# Can someone help me with this Taylor series expansion?

silverfury
Homework Statement:
I have tried differentiating many times in order to find a simpler diffrential eq to solve it further but didn’t have any luck there. Pls help
Relevant Equations:
To prove:
ln(sec x + tan x) = x + x^3/6 + x^5/24 ......
I tried diffrentiating upto certain higher orders but didn’t find any way.. is there a trick or a transformation involved to make this task less hectic? Pls help

Mentor
2022 Award
I have only the idea of using three series and calculate the first terms.
We have ##\log(\sec x +\tan x)= \log (1+\sin x)-\log(1+(\cos x -1))## and the series
\begin{align*}
\sin x &= x - \dfrac{x^3}{3!} + \dfrac{x^5}{5!} - \dfrac{x^7}{7!} \pm \ldots\\
\cos x -1 &= - \dfrac{x^2}{2!} + \dfrac{x^4}{4!} -\dfrac{x^6}{6!} \pm \ldots \\
\log (1+x)&= x -\dfrac{x^2}{2}+\dfrac{x^3}{3}-\dfrac{x^4}{4} \pm \ldots
\end{align*}
This works only for a few series elements but seems to be less work than differentiating. However, if you need the correct formula with all series members, things are really ugly.

Homework Helper
2022 Award
Problem Statement: I have tried differentiating many times in order to find a simpler diffrential eq to solve it further but didn’t have any luck there. Pls help
Relevant Equations: To prove:
ln(sec x + tan x) = x + x^3/6 + x^5/24 ...

I tried diffrentiating upto certain higher orders but didn’t find any way.. is there a trick or a transformation involved to make this task less hectic? Pls help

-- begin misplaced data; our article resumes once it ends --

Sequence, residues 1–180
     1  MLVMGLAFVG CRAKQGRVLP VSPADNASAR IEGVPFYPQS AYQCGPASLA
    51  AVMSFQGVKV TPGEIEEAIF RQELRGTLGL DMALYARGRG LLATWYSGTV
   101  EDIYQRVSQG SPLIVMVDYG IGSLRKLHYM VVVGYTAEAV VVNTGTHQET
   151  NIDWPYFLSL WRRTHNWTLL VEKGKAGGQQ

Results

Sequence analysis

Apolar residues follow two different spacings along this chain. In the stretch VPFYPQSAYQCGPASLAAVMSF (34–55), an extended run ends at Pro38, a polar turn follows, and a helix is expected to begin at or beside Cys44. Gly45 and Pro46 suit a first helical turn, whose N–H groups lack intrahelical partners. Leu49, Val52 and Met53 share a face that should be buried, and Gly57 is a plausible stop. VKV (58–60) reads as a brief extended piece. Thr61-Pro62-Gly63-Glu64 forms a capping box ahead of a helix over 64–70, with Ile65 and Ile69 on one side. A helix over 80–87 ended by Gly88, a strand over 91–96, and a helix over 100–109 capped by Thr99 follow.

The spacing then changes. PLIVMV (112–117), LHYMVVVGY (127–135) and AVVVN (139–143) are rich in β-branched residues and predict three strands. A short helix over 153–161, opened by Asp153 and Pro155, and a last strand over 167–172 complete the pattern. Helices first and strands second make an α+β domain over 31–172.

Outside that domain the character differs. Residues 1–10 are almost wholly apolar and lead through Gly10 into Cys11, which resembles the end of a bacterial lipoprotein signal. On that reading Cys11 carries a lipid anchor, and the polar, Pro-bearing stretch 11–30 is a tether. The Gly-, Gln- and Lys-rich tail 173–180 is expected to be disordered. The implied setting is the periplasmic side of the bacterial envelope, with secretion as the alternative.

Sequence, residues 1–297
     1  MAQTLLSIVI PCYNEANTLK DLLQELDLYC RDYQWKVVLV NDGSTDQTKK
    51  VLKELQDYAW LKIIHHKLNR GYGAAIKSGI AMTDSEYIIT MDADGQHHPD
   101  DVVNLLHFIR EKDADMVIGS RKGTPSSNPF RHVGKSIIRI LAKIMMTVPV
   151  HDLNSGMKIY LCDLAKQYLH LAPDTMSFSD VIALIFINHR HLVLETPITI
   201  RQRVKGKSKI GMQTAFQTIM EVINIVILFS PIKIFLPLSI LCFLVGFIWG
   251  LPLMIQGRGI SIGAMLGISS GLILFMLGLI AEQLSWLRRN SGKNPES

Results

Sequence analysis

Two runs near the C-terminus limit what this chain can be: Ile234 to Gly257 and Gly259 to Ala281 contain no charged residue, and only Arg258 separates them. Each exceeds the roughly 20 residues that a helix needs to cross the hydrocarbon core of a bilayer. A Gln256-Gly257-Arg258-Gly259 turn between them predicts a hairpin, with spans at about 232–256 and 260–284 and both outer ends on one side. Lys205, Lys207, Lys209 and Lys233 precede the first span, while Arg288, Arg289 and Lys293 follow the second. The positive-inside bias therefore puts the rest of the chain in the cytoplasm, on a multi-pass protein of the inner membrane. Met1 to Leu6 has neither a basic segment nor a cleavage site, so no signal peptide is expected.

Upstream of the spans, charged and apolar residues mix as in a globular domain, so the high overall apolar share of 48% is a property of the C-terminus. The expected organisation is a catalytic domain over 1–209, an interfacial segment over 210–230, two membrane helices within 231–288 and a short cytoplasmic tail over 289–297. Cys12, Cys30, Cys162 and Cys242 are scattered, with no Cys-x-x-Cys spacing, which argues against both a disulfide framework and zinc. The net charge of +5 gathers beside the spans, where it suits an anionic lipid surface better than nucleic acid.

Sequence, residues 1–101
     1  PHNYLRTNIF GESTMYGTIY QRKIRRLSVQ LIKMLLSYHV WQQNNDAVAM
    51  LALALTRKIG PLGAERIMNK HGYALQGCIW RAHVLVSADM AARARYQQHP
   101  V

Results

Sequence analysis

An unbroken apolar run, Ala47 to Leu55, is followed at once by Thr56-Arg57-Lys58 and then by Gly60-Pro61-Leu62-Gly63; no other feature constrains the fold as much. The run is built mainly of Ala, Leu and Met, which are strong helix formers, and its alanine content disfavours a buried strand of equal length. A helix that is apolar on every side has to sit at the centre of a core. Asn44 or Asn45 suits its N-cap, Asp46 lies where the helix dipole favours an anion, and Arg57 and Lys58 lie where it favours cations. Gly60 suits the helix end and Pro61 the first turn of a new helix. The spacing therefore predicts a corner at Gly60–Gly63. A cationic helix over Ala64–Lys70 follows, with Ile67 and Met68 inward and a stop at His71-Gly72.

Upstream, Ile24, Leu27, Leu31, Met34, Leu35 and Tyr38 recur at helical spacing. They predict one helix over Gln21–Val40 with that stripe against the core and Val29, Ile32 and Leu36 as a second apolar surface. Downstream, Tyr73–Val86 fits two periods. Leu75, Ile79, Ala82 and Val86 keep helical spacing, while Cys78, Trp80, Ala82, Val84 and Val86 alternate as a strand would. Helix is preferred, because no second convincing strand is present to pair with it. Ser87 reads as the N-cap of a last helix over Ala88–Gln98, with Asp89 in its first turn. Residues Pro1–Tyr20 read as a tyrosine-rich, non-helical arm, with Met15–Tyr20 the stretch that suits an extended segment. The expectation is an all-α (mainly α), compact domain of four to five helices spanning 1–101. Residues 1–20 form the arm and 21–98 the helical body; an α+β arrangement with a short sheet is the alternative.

You can say that $$1 + \sin x = 1 + x - \tfrac16x^3 + \tfrac1{120}x^5 + O(x^7)\\ \sec x = 1 + \tfrac12 x^2 + \tfrac5{24}x^4 + O(x^6) \\ \log(1 + x) = x - \tfrac12x^2 + \tfrac13 x^3 - \tfrac14 x^4 + \tfrac15x^5 + O(x^6).$$ Now multiply $\sec x$ by $1 + \sin x$ retaining all terms up to and including $O(x^5)$. The constant term is 1, so you can drop this and substitute the remaining terms directly into the log series and expand, retaining only terms up to and including $O(x^5)$.

You can see that getting higher order terms out of this involves a lot of algebra, so differentiation might actually be easier.

Mentor
Suppose ##y=ln(f(x))##

Chain rule, ##y'=1f(x)⋅f'(x)##
y'=1sec(x)+tan(x)⋅(sec(x)+tan(x))'
y'=1sec(x)+tan(x)⋅(sec(x)tan(x)+sec^2(x))
y'=1sec(x)+tan(x)⋅sec(x)(sec(x)+tan(x))
y'=sec(x)

Is this any help?

Wrong. Thanks @SammyS

Last edited:
Mentor
2022 Award
I think you have forgotten the division signs: ##\dfrac{1}{f(x)}## and ##\dfrac{1}{\sec x +\tan x}.##

Staff Emeritus
Homework Helper
Gold Member
Suppose ##y=ln(f(x))##

Chain rule, ##y'=1f(x)⋅f'(x)##
$$y'=1sec(x)+tan(x)⋅(sec(x)+tan(x))'$$
$$y'=1sec(x)+tan(x)⋅(sec(x)tan(x)+sec^2(x))$$
$$y'=1sec(x)+tan(x)⋅sec(x)(sec(x)+tan(x))$$
$$y'=sec(x)$$

Is this any help?
To be more explicit regarding what @fresh_42 states in the previous post, the above should be:
Chain rule, ##y'=\dfrac{1}{f(x)}\cdot f'(x)##

##y'=\dfrac{1} {\sec(x)+\tan(x)}\cdot \dfrac{d}{dx}(\sec(x)+\tan(x))##​
...
##y'=\sec(x) ##​

jim mcnamara
Mentor
Thanks for the correction.